In most of the early stage breast cancer patients chemotherapy makes no difference
A new study gives hope (and ammunition) to women diagnosed with breast cancer and who are trying to avoid chemotherapy.
Researchers presented their findings of an almost decade-long study at the American Society of Clinical Oncology conference in Chicago in early June 2018. The groundbreaking study is the largest breast cancer treatment trial ever done, and the research will be published in The New England Journal of Medicine.
The study found that treatment with chemotherapy and hormone therapy after surgery is not more beneficial than treatment with hormone therapy alone for many breast cancer patients. This includes women with hormone receptor (HR)-positive, HER2-negative, axillary lymph node–negative breast cancer (meaning the cancer has not spread to the lymph nodes).
During the study, over ten thousand patients were given a test called Oncotype DX. Oncotype DX uses a biopsy sample to measure the activity of genes involved in cell growth and response to hormone therapy. This is used to predict how likely cancer is to return.
As reported in USA Today, half of the 67% of women in the study showing an intermediate risk of recurrence using the Oncotype test had surgery and hormone therapy, and half of them also received chemo. After nine years, 94% of both groups were still alive and about 84% were alive without signs of cancer – indicating the chemo made no difference in the patient’s outcome.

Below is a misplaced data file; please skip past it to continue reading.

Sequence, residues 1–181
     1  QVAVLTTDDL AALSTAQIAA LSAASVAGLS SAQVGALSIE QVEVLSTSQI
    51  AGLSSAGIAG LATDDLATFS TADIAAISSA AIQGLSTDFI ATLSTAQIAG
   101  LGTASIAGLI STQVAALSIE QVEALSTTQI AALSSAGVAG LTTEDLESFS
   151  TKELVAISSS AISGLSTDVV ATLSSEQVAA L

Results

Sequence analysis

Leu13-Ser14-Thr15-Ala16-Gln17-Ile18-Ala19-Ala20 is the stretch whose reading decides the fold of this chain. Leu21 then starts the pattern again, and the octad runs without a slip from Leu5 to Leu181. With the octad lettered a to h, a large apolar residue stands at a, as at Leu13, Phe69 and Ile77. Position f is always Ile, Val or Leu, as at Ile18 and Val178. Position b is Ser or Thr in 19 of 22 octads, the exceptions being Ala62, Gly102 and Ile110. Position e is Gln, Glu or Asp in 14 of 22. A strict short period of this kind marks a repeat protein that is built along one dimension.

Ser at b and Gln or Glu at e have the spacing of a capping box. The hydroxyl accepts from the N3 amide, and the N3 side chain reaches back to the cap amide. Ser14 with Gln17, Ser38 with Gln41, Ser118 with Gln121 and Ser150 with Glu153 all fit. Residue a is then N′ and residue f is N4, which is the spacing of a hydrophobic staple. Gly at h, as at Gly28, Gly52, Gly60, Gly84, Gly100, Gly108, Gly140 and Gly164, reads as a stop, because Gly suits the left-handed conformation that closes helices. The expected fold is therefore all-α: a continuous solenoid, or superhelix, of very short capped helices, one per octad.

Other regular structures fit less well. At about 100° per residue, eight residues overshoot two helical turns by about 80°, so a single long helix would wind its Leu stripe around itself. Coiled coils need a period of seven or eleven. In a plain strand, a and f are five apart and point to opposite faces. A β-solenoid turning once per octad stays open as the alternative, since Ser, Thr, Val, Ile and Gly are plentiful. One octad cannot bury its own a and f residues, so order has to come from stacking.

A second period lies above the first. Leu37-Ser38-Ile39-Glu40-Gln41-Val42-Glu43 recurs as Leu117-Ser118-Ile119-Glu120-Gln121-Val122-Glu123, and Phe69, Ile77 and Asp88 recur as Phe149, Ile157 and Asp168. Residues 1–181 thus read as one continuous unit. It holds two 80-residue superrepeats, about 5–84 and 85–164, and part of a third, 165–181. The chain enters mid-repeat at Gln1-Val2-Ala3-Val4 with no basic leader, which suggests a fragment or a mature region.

Study leader Joseph Sparano claims the impact of this study is tremendous because healthcare practitioners can now rule out chemotherapy after most patients have already gone through surgery and hormone therapy. This will make chemotherapy just a hazardous extra step that most women can avoid and patients can now think about their best options before jumping to chemotherapy.
It’s reported these findings could now potentially save an estimated 70,000 patients diagnosed with breast cancer the agony of debating chemotherapy altogether.
The known risks of chemotherapy during breast cancer treatment are not new, and healthcare professionals have already begun limiting exposure to their patients who may not need chemotherapy.
Steven Katz, a University of Michigan researcher was quoted in USA Today as saying, “Oncologists have been getting much smarter about dialing back treatment so that it doesn’t do more harm than good. That’s important because chemo is toxic; it whacks patients out and can result in long-term job loss.”
If you are a breast cancer patient working with a conventional doctor, be sure they’re aware of this new research when discussing your options. Better yet, discover the best ways to prevent breast cancer from developing before it ever gains a foothold.